Carolyn Vachani, MSN, RN, AOCN
The Abramson Cancer Center of the University of Pennsylvania
Last Modified: March 3, 2008
The mesothelium is a protective sac that covers and protects most internal organs in the body. It is composed of two layers, one layer covers the organ and the second layer forms a sac around it. The mesothelium produces a lubricating fluid that is released between these layers, allowing moving organs (such as the lungs) to move easily. The area between the two layers is often called the pleural space. Mesothelial tissue is found lining the abdominal cavity organs, lungs, testes and heart.
Mesothelioma occurs when the mesothelial cells grow out of control. These cells also lose the ability to stop producing the lubricating fluid when there is enough. This results in the unwanted encasement of organs within a thick rind of tumor tissue and excess fluid build up, ultimately causing symptoms. These cells can grow and invade other organs, or spread to other areas of the body. When the cells spread to other areas of the body, it is called metastasis.
The majority of mesotheliomas are found in the lining of the lung (65-70%). About 20-30% percent of cases are found in the abdominal cavity lining, and even more rarely, mesothelioma is found in the lining of the heart (1-2%) or testicles.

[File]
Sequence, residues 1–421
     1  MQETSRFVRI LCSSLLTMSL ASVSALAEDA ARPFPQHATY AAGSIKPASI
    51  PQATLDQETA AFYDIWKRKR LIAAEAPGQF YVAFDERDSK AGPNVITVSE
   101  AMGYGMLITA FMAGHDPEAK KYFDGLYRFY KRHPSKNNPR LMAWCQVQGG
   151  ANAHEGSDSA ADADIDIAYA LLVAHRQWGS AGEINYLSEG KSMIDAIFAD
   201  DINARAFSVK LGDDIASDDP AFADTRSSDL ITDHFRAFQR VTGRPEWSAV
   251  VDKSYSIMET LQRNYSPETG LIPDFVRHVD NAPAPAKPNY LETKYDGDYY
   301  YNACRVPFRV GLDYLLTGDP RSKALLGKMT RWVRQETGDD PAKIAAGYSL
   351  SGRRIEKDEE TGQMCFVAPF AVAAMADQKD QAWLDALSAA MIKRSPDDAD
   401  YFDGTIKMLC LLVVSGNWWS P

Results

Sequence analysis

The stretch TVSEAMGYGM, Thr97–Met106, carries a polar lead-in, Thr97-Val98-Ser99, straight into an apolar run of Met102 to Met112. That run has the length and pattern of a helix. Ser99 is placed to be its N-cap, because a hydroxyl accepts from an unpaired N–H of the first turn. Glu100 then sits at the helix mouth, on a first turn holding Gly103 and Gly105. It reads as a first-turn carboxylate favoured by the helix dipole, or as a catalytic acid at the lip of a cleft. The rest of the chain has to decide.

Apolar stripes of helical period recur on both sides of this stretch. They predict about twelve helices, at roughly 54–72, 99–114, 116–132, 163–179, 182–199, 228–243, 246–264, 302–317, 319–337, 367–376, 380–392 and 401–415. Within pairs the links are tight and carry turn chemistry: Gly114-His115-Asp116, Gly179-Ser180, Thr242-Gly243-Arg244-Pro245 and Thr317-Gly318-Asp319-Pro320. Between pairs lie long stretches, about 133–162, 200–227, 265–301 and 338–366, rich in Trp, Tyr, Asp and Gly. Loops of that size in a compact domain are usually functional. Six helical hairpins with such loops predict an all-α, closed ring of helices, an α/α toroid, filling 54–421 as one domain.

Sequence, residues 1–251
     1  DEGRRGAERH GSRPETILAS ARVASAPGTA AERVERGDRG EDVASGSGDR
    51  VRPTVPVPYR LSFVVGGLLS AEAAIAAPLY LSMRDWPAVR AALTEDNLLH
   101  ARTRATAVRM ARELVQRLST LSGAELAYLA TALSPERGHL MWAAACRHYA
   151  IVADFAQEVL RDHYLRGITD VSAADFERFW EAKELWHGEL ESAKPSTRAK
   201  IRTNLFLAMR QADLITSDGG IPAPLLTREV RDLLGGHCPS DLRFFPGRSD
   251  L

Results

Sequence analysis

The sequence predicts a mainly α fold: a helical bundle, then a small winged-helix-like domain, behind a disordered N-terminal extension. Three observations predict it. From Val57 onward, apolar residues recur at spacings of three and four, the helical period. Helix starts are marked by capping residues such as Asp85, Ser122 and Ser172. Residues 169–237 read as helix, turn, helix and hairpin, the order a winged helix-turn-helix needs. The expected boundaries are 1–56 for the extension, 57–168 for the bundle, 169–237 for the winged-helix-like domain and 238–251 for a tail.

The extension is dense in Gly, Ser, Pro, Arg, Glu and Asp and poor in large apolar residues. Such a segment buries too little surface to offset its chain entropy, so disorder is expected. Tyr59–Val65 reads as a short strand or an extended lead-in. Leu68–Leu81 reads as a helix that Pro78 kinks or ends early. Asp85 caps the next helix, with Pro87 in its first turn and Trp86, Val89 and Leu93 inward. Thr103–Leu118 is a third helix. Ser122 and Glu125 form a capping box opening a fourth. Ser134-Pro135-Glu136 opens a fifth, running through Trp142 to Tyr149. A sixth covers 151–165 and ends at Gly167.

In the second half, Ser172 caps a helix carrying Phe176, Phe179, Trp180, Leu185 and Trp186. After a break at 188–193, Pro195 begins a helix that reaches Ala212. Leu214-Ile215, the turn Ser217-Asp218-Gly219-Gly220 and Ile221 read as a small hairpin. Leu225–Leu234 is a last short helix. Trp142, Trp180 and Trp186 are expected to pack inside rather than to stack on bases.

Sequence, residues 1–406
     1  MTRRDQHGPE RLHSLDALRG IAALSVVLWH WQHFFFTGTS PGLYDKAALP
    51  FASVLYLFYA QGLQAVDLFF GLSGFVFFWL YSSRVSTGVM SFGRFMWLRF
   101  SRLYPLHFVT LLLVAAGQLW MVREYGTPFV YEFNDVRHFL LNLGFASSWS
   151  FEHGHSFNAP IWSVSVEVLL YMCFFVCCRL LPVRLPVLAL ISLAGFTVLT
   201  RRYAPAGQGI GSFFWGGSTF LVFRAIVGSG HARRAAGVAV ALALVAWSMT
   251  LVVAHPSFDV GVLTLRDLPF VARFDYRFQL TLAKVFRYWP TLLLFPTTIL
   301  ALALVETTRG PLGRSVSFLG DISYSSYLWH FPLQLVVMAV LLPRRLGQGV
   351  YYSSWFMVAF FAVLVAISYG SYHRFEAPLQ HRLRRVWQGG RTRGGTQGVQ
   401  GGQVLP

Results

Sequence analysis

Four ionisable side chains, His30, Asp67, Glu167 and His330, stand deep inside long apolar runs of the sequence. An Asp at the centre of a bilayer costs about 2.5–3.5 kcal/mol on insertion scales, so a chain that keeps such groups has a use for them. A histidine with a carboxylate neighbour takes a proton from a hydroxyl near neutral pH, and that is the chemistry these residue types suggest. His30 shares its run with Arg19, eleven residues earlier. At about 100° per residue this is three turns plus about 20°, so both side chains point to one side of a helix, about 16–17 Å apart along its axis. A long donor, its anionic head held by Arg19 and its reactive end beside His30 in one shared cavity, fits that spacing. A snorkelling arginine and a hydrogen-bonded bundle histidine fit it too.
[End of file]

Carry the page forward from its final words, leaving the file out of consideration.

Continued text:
Mesothelioma is a rare cancer, with approximately 2,000 cases diagnosed each year in the United States. It is eight times more common in men, which is due in most part to work-related exposure to asbestos. Risk also increases with age. The biggest risk factor for developing the disease is exposure to asbestos, accounting for 70 to 80 percent of all cases. Asbestos has been used in many products, including cement, brake linings, roof shingles, flooring products, textiles, and insulation. Particles can be released from these products, particularly during the manufacturing process, and inhaled. Prior to knowing the dangers, asbestos miners and other workers exposed to asbestos worked without wearing any protection. Since the 1970's, the U.S. Occupational Safety and Health Administration (OSHA) has set limits for acceptable levels of asbestos exposure and requires protective equipment in the workplace. Family members of people who worked with asbestos were also exposed to the toxin when it was carried home on clothing and hair, putting them at increased risk for mesothelioma.
Eighty percent of cases of pleural mesothelioma occur in individuals who have had known asbestos exposure, yet only 10% of people with a history of heavy exposure develop the disease. This suggests that additional exposures or factors are involved to actually develop the disease. Even more puzzling is the fact that only 50% of people with peritoneal mesothelioma have a history of asbestos exposure.